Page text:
ARTHUR WILLIAM MOORE, MA, of Woodbourne, Douglas, though a comparatively young man-he is not much above forty-has achieved a front position among contemporary Manxmen. He has been on the Magisterial Bench for 21 years, and a member of the House of Keys for middle Sheading for 12 years; and though he conducts the largest private business in the Island, lie also finds time to indulge his literary tastes, having produced a number of exceedingly thoughtful, highly interesting, well-written and carefully-compiled books on Manx history, folklore, place names and surnames, meteorology, ballads, &c.


Robert Cowley

Mr Robert Cowley, M.H.K., JP Ayre

ROBERT COWLEY, H.K., JP, is a Sulby man by birth, but the principal portion of his life has been spent in the town of Ramsey. He has been for many years past, and yet is, one of the busiest merchants in the Isle of Man. A prominent Nonconformist, he was one of the first batch of gentlemen appointed to the Commission of the Peace in the Island in response to the demand that there should be Nonconformist representation on the magisterial bench, A firm believer in total abstinence from intoxicating drink, he was triumphantly returned at the head of the poll at the last General Election as one of the members of the House of Keys for Ayre Sheading. His able and successful opposition to the Permit Bill soon earned for him a leading position in the House.

Thomas Clague
Mr Thomas Clague, M.H.K., Peel:

ONE of the most respected citizens of Peel is Mr. Thos. Clague, H.K. He was born in the parish of Arbory. Mr. Clague is engaged in commercial pursuits, and his reputation for integrity is a reservedly high one. He has faithfully served Peel as a Town Commissioner, and at the last General Election he was returned as the member for Peel in the House of Keys, defeating Mr James Hodgson by a substantial number of votes. He is a prominent Nonconformist and temperance man.


JOHN ALLEN MYLREA is certainly the most able member of the House of Keys He was first returned in 1881 as one of the members for Garff Sheading, and for many years he represented that constituency. After the passing of the Redistribution Act, in 1895 elected to stand for Douglas-his native town-and was returned as one of the members for North Douglas at the head of the poll. At the General Election in the spring; of 1887 he occupied similar enviable position He is a polished speaker and keen debater. Though he is a member of the Manx and English Bars, he does not practice. He is chairman of the Isle of Man Steam Packet Company.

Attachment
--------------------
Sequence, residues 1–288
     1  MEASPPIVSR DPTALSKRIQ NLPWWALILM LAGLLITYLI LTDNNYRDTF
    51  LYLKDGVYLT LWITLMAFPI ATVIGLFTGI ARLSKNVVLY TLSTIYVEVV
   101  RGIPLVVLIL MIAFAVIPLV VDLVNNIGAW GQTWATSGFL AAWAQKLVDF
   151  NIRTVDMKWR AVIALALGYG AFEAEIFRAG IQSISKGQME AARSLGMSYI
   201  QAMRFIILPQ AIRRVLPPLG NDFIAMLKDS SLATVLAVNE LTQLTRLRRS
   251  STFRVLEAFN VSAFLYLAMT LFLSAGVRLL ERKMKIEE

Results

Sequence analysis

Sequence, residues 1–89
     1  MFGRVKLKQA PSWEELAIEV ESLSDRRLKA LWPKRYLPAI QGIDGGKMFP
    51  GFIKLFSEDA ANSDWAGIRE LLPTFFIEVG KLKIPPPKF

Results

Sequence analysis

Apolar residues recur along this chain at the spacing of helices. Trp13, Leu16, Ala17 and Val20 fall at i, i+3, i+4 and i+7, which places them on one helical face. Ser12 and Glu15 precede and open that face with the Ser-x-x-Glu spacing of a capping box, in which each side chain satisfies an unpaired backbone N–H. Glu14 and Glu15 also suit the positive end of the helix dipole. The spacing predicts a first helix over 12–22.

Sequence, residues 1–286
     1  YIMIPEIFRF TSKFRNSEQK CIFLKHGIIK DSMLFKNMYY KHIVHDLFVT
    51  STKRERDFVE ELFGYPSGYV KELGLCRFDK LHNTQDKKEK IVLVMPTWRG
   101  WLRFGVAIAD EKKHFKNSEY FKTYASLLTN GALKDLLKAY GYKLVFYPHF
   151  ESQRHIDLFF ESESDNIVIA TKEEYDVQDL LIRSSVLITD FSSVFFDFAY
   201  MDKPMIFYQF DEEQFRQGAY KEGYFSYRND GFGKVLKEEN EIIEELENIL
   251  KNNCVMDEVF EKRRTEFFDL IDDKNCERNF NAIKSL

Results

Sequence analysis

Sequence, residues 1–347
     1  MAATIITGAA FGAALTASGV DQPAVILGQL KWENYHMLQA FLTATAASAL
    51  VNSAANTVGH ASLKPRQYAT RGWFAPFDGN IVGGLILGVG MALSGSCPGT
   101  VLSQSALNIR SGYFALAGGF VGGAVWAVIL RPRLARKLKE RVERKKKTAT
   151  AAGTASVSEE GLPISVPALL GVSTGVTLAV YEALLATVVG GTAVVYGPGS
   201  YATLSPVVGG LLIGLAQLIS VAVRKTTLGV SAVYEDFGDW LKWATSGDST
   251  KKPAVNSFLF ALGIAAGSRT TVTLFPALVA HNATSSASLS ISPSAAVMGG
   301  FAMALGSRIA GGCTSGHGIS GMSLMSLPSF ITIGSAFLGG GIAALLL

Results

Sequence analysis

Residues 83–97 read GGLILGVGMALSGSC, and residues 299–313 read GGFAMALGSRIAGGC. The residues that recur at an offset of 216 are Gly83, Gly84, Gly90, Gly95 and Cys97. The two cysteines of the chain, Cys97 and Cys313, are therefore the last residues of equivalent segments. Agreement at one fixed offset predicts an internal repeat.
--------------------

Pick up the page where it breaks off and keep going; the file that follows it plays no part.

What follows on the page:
Thomas Philip Ellison
Mr T. P. Ellison

The famous Isle of Man Steam Packet Co., Limited, has for its secretary and manager Mr. Thomas Philip Ellison, a gentleman of much urbanity and talent He early entered the company's service, and has achieved to his present exalted position by the exercise of zeal, industry, and ability in the discharge of his duties. Mr. Ellison is a Manxman and a Douglas man.

Rev. Robert B. Baron

PERHAPS the best known cleric in the Isle of Man is the Rev. Robert B. Baron, the indefatigable and jovial Vicar of St. George's, Douglas. Before his appointment to St George's by Bishop Bardsley, Mr. Baron was Vicar of St. Cleopas', Liverpool. The Vicar of St. George's is great as a worker and organiser, and under his direction and administration, St. George's parish and church have prospered exceedingly. [d.1906]

The Rev G. R. GRAHAM

THE REV. GEORGE R. GRAHAM is the esteemed superintendent of the Douglas Wesleyan Circuit, and Chairman of the Isle of Man District. Mr Graham began his ministry in the year 1867, and since then has occupied important positions in such places as London, Oldham, Penzance, York, Derby, Portsmouth, and Bedford. He was appointed to Douglas by the Conference of 1896. Mr Graham combines in a happy balance the qualities of gentleness and strength, geniality and governing power. As a business man he is shrewd and able As a preacher he is without affectation or pretence of oratory, thoughtful and impressive, always aiming at doing good. As a pastor, he is sympathetic and assiduous. Manx Methodism is to be congratulated on being presided over by so worthy and capable a bishop